or those interested in searching out their "Kinsella Roots" in Ireland, here is a recommended itinerary, one that includes many of the places made famous over the centuries by our Kinsella ancestors.
The trip starts in Dublin and, after doing the sights of that great Irish city, we drive northwest to our first stop, Newgrange, situated on the banks of the Boyne River in County Meath. Newgrange is a large pre-historic passage grave that is not very well known in spite of the fact that it is much grander than the famous Stonehenge in England and is a thousand years older. To be able to stand in that 4000 year old burial chamber is a moment you'll never forget. Newgrange doesn't have any connection to our Kinsella ancestors (it was constructed by an unknown group of people thousands of years prior to the coming of the Celts to Ireland) but it is a must see.
The next stop is Tara, the legendary residence of the Kings of Ireland. Tara is approximately 15 miles southwest of New Grange. Ancients documents state that Tara was the residence of the Kings of Leinster for centuries so we may safely assume this included some of our illustrious ancestors. The Leinster kings were replaced at Tara by the O'Neill dynasty in the 4th or 5th century. There isn't much to see at Tara today but the view is magnificent and just being at such a legendary spot is well worth the visit.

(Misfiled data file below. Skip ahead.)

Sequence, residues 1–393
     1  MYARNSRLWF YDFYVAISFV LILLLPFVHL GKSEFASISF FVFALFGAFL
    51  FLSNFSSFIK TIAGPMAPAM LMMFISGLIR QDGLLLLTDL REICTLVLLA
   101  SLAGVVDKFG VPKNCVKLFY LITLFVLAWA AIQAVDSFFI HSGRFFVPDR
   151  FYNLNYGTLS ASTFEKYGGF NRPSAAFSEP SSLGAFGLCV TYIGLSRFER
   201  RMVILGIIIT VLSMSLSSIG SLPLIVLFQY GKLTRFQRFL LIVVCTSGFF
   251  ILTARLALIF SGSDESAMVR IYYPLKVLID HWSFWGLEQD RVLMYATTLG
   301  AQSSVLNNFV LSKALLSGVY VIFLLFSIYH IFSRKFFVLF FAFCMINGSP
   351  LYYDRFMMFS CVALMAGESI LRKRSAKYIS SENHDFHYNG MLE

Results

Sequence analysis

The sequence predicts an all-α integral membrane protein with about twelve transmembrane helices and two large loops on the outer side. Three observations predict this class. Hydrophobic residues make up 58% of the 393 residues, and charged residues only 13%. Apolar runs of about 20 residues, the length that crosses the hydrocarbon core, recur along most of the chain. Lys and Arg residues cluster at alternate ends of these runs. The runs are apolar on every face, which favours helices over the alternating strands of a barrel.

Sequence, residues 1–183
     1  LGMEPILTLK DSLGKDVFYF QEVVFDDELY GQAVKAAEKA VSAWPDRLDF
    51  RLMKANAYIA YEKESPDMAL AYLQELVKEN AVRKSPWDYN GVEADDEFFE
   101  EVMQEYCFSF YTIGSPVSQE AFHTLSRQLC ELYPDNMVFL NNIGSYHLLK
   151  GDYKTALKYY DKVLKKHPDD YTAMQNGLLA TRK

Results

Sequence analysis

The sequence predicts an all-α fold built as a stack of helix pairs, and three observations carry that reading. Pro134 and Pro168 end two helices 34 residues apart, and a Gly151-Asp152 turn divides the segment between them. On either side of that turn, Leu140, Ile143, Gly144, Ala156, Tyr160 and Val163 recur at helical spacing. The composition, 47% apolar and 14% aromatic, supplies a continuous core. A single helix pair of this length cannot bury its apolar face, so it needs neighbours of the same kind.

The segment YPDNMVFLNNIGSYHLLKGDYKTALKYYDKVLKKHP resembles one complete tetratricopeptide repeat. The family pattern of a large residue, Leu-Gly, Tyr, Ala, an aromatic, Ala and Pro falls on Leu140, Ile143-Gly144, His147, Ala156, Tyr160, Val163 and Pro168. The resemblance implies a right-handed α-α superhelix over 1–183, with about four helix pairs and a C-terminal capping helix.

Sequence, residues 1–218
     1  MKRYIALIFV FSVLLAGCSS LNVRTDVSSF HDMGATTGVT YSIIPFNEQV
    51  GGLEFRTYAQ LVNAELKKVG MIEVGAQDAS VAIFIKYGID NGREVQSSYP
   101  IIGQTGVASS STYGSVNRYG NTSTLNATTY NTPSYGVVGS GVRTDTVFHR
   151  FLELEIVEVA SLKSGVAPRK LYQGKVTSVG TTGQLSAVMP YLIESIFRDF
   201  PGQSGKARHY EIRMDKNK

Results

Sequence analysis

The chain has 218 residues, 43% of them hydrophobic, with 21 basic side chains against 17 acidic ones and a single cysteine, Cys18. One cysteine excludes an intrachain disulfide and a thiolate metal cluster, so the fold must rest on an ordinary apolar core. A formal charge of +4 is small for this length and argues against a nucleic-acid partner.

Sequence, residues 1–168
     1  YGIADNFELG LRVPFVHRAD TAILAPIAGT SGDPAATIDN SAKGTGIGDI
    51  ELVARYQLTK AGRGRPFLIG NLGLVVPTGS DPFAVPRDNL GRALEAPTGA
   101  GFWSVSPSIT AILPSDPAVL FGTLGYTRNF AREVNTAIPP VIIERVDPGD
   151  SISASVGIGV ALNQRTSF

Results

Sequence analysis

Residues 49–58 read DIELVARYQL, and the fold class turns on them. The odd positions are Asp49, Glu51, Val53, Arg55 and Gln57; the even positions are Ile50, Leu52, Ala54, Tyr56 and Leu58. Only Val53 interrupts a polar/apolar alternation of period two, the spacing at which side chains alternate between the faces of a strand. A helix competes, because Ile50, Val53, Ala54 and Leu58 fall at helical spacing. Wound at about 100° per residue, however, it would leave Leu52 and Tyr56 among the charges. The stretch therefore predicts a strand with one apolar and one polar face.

After leaving Tara, we journey 25 miles south to Croghan Hill, an high point just inside the northern border of County Kildare. It was here that Eanna Cinnsealaigh defeated Eochaidh Muighmheadhin, leader of the O'Neills and father of the famous Niall of the Nine Hostages. It was also here that the name Kinsella originated.
For those who know where their own particular Kinsella family originated, that should be the next spot (It should be somewhere in Hy Kinsella). For us, the descendants of John Kinsella and Esther Burns, that is the city of Athy, about 30 miles south of Croghan Hill. Parish records indicate that John and Esther's children were born in the townlands of Grangemellon and Rosetown in the early 1800's. These townlands are about 2 miles south of Athy on the Barrow River. It is worth visiting this spot if for no other reason than to "walk the streets and paths our ancestors once did."